When I first started my business, I did some covert pricing of my local competition. Trust me, everyone checks out everyone else. You definitely need to stay competitive, but it also needs to be worth your time. Your "Local competition" does not include grocery stores. Most of those cakes are mass produced at a huge factory and shipped in frozen.
When people tell me I can get it for x amount at costco or walmart or albertsons, I very nicely tell them that I don't get my ingredients wholesale, so I can't afford to sell them the cake for the amount. I also explain to them what makes my cakes better, but if they still choose to go with the grocery store cake, I don't let it bother me, 9 times out of 10 when they get that cardboard grocery store cake, they come back to me next time.
When you start getting into higher dollar items, a lot of people don't understand what all goes into our art. They see a 30 or 60 minute show on food network in which an entire beautifully sculpted cake is made, and they think, that wasn't so bad, and mine is much simpler than that, so it shouldn't cost much. They don't see all of the behind the scenes work and premade items and assistants scurrying around off camera.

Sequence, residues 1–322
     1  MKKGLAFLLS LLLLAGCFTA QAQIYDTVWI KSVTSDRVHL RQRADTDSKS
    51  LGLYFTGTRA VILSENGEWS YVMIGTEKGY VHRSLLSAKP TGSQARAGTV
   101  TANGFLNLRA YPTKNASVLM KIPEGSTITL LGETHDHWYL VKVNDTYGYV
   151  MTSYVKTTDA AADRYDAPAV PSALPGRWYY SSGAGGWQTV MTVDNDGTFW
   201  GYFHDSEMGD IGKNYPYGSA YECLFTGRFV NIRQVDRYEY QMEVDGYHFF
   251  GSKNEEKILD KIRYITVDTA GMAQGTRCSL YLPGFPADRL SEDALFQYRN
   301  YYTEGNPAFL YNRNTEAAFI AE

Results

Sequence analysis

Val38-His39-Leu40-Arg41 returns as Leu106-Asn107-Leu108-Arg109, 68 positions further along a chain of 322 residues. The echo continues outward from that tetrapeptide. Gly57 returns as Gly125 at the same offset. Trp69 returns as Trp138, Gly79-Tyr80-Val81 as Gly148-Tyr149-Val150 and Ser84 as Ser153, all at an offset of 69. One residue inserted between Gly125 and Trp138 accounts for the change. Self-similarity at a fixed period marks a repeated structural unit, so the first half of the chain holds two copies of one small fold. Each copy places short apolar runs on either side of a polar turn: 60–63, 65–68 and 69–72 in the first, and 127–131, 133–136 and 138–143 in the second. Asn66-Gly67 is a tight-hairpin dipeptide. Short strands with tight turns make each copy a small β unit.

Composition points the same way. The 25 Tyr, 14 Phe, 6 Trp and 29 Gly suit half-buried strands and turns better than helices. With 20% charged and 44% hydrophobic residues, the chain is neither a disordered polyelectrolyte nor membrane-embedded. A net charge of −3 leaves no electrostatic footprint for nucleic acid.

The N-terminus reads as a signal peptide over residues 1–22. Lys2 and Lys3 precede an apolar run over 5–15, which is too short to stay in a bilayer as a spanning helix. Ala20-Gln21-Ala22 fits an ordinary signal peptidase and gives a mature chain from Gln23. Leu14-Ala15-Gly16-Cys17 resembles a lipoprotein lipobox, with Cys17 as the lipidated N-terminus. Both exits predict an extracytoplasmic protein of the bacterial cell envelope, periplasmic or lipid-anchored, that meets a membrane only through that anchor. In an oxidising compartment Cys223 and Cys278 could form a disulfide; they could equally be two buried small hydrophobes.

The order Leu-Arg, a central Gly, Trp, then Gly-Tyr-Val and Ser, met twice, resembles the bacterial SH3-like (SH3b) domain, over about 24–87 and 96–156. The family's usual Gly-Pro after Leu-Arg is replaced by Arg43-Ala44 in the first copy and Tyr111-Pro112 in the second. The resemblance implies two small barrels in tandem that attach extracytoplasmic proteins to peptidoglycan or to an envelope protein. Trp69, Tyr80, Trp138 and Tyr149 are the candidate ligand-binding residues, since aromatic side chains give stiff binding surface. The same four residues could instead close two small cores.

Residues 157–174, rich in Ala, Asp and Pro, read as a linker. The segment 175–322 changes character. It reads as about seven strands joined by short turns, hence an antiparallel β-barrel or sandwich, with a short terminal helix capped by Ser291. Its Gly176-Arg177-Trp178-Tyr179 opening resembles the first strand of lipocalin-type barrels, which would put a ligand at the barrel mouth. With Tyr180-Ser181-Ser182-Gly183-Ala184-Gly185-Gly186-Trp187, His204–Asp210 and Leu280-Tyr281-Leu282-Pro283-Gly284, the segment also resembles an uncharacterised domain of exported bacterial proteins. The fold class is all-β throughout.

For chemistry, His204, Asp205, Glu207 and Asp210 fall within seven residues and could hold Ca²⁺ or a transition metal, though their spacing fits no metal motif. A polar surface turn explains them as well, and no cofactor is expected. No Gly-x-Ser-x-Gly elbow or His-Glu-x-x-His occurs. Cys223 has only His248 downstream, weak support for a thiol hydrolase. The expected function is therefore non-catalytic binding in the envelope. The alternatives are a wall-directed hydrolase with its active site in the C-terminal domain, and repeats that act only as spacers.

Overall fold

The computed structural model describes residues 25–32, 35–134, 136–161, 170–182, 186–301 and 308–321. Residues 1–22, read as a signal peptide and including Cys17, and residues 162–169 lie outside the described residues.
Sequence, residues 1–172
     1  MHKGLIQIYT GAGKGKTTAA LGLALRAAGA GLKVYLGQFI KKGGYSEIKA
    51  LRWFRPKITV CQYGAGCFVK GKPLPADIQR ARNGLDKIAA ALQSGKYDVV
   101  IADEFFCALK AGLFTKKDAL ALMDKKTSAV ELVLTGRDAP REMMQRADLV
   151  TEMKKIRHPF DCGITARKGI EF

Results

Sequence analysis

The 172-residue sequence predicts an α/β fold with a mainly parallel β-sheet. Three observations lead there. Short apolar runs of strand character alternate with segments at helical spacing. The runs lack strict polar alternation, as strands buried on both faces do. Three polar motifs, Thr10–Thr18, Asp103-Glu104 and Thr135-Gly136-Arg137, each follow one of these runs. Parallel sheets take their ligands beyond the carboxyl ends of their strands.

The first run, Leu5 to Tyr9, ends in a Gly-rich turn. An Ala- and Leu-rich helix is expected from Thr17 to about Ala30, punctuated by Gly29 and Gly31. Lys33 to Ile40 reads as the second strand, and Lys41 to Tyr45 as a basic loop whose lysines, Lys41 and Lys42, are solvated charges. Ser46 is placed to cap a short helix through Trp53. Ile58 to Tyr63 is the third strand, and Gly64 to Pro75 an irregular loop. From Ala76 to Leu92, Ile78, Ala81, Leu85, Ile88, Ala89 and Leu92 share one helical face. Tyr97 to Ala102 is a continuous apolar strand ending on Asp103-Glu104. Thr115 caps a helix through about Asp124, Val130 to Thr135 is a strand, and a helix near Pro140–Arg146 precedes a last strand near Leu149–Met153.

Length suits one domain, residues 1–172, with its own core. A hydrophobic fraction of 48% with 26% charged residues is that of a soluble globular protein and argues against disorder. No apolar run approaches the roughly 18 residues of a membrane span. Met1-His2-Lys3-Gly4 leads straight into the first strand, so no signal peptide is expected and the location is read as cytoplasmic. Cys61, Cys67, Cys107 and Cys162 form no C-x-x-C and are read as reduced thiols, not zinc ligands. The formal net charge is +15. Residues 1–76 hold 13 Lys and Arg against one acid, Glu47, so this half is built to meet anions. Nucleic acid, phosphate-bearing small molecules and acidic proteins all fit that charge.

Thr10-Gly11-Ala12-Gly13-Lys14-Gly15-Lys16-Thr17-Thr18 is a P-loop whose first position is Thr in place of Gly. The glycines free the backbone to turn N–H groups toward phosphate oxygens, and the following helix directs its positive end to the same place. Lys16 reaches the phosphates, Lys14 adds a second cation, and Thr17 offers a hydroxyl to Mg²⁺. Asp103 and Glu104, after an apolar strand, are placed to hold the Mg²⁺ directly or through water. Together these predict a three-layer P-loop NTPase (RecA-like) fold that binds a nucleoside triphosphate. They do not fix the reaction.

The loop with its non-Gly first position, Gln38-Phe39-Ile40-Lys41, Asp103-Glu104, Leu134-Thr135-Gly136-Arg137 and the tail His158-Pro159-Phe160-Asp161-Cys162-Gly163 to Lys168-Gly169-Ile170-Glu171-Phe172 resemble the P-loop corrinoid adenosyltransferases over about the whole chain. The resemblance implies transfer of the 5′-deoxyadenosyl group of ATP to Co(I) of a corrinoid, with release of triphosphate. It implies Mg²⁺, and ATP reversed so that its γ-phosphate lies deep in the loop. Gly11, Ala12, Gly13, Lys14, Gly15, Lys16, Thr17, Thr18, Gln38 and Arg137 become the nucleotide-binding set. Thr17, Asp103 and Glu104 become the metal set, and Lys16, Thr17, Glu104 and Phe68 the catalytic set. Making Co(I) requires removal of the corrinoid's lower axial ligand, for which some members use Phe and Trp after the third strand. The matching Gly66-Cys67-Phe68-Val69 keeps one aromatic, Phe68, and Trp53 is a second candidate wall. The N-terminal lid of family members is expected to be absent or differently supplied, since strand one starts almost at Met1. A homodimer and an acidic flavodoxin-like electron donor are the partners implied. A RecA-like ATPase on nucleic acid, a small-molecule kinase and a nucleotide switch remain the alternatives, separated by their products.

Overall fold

I had a wise (and also successful) bakery manager tell me something that has stuck... "It's their loss." I had to learn to charge what I knew I was worth, good or bad. If I take less money than my time and art are worth, then I'm basically paying them to eat my cake, which doesn't make good business sense. If they come to me, and I give them a quote, and they don't want to pay it, I don't take it personal, I just move on to the next order. It's their loss.
And like someone else said, it's hard to raise your prices later, especially when you start getting repeat customers. Figure out your cost, pay yourself a decent amount of labor, and compare to the competition. Set your prices and stick to them. You'll be happy you did.